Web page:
Perhaps long division - which isn't that difficult, and is the first kind of inverse problem students usually run into - is bad training for learning number sense, and perhaps it's good. Perhaps number sense can be instilled with calculator use, and perhaps a calculator acts as a crutch so that it's even more difficult to teach the proper lessons. Perhaps the best lesson from long division is not

number sense, but how to neatly organize a problem. Perhaps it's like practicing scales in music, where one is learning agility - but here it's mental agility as opposed to finger agility. Perhaps it's a waste of time. I'd rather see some hard data.

Well, my son already understands of course how to do divisions by successive approximations. When he is free to do it in his own way, he does it a little differently from the usual algorithm, though, approximating either above and below, whichever appears more convenient: for example, to divide 179 by 6, he would first approximate by 30, then divide 1 by 6 and substract the result from 30.

One motivation for long division is that it leads one to notice phenomena such as periodicity of rational numbers and understand why that occurs.

Claire wrote:

One motivation for long division is that it leads one to notice phenomena such as periodicity of rational numbers and understand why that occurs.Excellent point. The question is, which subset of the student population (and at what level) need to learn this? One could argue that the notion of successive approximation is much more basic than the long division algorithm, whose correctness is likely less obvious to a pre-highschooler. In other words, should we treat long division a little bit like faster (than n^2 time) algorithms for multiplication, that is, as "advanced material"? Perhaps it is an excellent algorithm to teach in introductory discrete mathematics (like

Karatsuba's multiplication algorithm). Perhaps it would be a good idea to teach such "simple" algorithms for multiplication, division, sorting, string matching, etc., in high school, emphasizing their proof of correctness.

This method looks like the same as yours, but much more simpler: http://www.doubledivision.org/

By the same token, decimal long division gets a 1 digit under-approximation to the right answer very quickly. These days, estimation is a much bigger component of things than it used to be.

Maybe the real reason we teach PPA is to prepare students for the notion of an algorithm/working on an assembly line/etc. Seeing a variety of algorithms: addition, multiplication, long division does give a better gut-level understanding of the notion of executing an algorithm. Maybe we can replace long division with Sachertorte recipes and get the same effect...

On a related note, when I was in school we also learned a pencil and paper algorithm for computing square roots. (I remember it only vaguely but it was similar to long division.) If long division is so important why don't we teach square root algorithms, too?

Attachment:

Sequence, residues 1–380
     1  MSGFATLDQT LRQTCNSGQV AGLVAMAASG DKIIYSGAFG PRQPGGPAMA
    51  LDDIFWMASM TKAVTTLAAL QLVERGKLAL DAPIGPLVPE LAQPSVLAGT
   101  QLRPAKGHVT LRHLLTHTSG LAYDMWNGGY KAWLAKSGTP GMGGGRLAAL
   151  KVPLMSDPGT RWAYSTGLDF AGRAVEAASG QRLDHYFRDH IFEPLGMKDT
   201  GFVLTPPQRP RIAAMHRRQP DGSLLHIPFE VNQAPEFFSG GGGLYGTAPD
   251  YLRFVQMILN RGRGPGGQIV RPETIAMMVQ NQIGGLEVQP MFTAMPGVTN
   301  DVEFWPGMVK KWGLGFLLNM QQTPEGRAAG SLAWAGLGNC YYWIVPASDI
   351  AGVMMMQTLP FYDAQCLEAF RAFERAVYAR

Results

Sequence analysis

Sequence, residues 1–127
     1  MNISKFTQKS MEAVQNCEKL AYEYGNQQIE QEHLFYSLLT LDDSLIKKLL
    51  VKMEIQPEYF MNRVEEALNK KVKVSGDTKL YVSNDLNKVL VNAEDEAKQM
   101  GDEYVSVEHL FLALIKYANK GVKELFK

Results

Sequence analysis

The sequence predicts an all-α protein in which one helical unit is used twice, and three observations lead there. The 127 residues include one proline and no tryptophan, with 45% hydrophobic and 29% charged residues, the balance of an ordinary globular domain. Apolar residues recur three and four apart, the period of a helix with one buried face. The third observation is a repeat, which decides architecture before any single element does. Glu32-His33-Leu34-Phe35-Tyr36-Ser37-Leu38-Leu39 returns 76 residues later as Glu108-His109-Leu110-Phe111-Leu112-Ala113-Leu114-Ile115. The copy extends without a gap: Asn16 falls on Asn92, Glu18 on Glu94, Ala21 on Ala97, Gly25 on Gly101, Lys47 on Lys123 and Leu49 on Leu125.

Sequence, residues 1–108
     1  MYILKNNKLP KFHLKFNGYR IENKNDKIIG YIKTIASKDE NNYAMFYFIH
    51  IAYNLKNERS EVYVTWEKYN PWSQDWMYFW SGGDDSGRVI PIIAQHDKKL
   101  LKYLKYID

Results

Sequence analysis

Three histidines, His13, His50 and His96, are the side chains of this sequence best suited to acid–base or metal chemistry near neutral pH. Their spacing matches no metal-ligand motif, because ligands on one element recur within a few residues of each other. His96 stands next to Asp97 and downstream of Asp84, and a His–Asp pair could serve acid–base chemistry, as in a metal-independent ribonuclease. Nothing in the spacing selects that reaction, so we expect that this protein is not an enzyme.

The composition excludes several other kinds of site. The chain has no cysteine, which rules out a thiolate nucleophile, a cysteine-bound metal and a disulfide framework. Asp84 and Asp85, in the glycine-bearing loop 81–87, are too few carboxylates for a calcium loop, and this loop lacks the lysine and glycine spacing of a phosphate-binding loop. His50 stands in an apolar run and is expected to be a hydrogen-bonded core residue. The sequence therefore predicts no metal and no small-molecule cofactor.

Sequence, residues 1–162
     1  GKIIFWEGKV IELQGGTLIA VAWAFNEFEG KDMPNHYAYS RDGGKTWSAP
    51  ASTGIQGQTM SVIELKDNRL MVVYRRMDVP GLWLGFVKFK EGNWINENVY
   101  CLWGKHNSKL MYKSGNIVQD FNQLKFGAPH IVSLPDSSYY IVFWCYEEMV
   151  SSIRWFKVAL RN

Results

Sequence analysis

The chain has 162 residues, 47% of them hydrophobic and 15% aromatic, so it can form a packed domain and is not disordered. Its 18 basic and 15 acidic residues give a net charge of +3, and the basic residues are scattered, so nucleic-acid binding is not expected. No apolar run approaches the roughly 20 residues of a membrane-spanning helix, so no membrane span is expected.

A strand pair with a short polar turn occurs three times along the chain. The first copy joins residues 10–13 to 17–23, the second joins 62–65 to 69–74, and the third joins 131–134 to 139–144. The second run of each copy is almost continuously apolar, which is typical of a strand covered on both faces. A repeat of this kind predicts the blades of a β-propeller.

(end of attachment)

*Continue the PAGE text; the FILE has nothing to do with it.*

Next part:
Well, it would be a little better if we weren't going on people's gut feelings here, and there were actually some research as to which elementary math education is the most effective in preparing students for mathematical reasoning later on.

Perhaps long division - which isn't that difficult, and is the first kind of inverse problem students usually run into - is bad training for learning number sense, and perhaps it's good. Perhaps number sense can be instilled with calculator use, and perhaps a calculator acts as a crutch so that it's even more difficult to teach the proper lessons. Perhaps the best lesson from long division is not

number sense, but how to neatly organize a problem. Perhaps it's like practicing scales in music, where one is learning agility - but here it's mental agility as opposed to finger agility. Perhaps it's a waste of time. I'd rather see some hard data right here www.forumvadisi.com

Well, it would be a little better if we weren't going on people's gut feelings here, and there were actually some research as to which elementary math education is the most effective in preparing students for mathematical reasoning later on.

Perhaps long division - which isn't that difficult, and is the first kind of inverse problem students usually run into - is bad training for learning number sense, and perhaps it's good. Perhaps number sense can be instilled with calculator use, and perhaps a calculator acts as a crutch so that it's even more difficult to teach the proper lessons. Perhaps the best lesson from long division is not

number sense, but how to neatly organize a problem. Perhaps it's like practicing scales in music, where one is learning agility - but here it's mental agility as opposed to finger agility. Perhaps it's a waste of time. I'd rather see some hard data right here www.forumvadisi.com